An Open Letter to Italian Manufacturers

Dear Italian Car Manufacturers,

I admit I might be slightly biased. The first car I ever "drove" was a 1987 Porsche 944, the first car I ever really loved was my 2006 VW Jetta, and the airplanes my dad was always impressed with were always very Deutsche-centric. You could forgive me then for not realizing why it's such a tragedy that Italian cars have all but disappeared from American roads in the past couple of decades.

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This realization hit me when I was sitting behind a heavily-modified Fiat Abarth. The twin titanium exhaust connected to that little four banger provided a burbling soundtrack to my missives about the disappearance of Italian cars in the U.S. market. What happened? I wondered as the Fiat in front of me let out a growl and shot off into traffic. What could make us forsake a country that provided such good looking and wonderful sounding cars?

In the present day, just telling someone that you have an Italian car is enough for them to conjure up visions of V-12s and garish red paint jobs, but it wasn't that long ago that Italian car manufacturers were providing Americans with stylish alternatives to the econoboxes and highway barges that were so populous in the states. Thankfully, there's more on offer from the Italians in recent years with Fiat and Alfa Romeo returning to the U.S., and that's a good thing for someone as biased as me.

There seems to be a certain design element that defines each country and its auto manufacturers. American manufacturers make large, comfortable cars built to a budget, German manufacturers make heavy, technologically advanced cars with exacting precision, and Italian manufacturers make stylish, sporty cars using little else but their libido and a model of an oversized bicep. Of course, I am generalizing here, but there is some truth to these generalizations. Comparisons of how the Germans and the Italians approach the design process and how they will reach their goals show that Germans tend to rely on technology and power while the Italians rely on lightness and raw power. (This is the topic of upcoming article, so I'll expand on this later.)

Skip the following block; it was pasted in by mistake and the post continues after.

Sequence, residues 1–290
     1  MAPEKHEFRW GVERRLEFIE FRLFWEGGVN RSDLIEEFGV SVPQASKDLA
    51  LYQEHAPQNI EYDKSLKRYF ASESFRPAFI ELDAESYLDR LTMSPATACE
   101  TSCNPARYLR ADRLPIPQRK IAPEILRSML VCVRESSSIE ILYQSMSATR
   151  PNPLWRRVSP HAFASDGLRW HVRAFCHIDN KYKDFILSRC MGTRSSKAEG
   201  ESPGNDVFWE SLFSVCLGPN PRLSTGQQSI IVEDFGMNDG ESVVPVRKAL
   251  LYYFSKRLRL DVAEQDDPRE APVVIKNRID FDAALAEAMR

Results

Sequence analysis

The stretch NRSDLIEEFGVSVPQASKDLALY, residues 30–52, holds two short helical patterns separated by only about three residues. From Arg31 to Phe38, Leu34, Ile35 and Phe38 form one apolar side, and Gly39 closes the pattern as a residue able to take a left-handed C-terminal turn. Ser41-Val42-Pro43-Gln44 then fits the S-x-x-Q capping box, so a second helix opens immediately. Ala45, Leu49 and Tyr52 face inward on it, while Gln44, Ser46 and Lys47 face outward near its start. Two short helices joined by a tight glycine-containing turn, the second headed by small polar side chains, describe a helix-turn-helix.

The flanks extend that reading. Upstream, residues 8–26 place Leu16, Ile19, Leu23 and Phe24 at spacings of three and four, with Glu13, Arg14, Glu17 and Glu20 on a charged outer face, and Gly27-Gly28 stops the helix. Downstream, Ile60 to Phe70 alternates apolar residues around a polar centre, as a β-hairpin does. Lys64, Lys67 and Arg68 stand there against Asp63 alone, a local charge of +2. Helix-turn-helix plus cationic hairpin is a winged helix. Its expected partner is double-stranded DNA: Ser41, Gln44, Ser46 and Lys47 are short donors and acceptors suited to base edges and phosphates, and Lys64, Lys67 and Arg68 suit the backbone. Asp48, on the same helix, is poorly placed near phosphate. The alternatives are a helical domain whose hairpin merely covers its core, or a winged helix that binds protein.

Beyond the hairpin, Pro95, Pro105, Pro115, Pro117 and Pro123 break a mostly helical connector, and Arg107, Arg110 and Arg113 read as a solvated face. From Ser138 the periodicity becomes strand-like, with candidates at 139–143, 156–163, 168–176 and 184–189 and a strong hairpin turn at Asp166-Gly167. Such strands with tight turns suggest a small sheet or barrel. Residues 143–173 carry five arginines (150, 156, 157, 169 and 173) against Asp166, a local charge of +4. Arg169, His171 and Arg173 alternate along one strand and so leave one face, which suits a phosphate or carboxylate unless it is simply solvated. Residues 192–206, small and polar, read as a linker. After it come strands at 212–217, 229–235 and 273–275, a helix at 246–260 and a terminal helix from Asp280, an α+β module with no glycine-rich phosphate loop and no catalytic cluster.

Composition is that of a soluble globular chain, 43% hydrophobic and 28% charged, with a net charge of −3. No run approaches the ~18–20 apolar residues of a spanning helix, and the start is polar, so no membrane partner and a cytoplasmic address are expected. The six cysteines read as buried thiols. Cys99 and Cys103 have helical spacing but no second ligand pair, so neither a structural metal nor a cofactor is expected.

What this means is that Americans have been drooling over Euro luxury, but it has only been one type of luxury…a very German type of luxury. With Italian manufacturers re-inserting themselves into the fray, the U.S. is going to have to get used to a new type of luxury. This should be nothing but a boon for the American petrolhead. Competition breeds excellence and the U.S. market is an excellent playing field. It's also just nice to see Italian cars on the road for the difference they provide from the monotony of Camrys, Accords, 3-series, and Cruzes.

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Will I ever buy a Fiat 500? Probably not, but it's nice to know that there's an alternative to the Scion iQ that succeeds where the Scion fails. Will I ever be able to afford an Alfa 4C? Probably not, but it's nice to see and hear it on the road rather than the indescribably boring Porsche Boxster which just seems to be gaining weight like a retired professional bowler. Will I ever buy a new Lancia? Hell no. There are some exceptions to the rule.

All in all, it's just nice to hear and see something that really stands out in a crowded market, so, to all the Italian car manufacturers (except for you Lancia), I want to say thanks for giving it another shot. We Americans really needed it.

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Sincerely,

Brian

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